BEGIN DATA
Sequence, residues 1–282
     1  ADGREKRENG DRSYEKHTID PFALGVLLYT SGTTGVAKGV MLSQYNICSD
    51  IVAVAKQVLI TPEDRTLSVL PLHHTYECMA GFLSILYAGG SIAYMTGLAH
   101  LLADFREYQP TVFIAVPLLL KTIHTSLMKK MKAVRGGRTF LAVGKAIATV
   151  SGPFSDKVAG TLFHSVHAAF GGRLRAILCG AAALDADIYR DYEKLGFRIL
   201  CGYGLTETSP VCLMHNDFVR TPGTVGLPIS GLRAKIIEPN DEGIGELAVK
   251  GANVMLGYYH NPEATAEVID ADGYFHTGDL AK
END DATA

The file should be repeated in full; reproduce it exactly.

Sequence, residues 1–282
     1  ADGREKRENG DRSYEKHTID PFALGVLLYT SGTTGVAKGV MLSQYNICSD
    51  IVAVAKQVLI TPEDRTLSVL PLHHTYECMA GFLSILYAGG SIAYMTGLAH
   101  LLADFREYQP TVFIAVPLLL KTIHTSLMKK MKAVRGGRTF LAVGKAIATV
   151  SGPFSDKVAG TLFHSVHAAF GGRLRAILCG AAALDADIYR DYEKLGFRIL
   201  CGYGLTETSP VCLMHNDFVR TPGTVGLPIS GLRAKIIEPN DEGIGELAVK
   251  GANVMLGYYH NPEATAEVID ADGYFHTGDL AK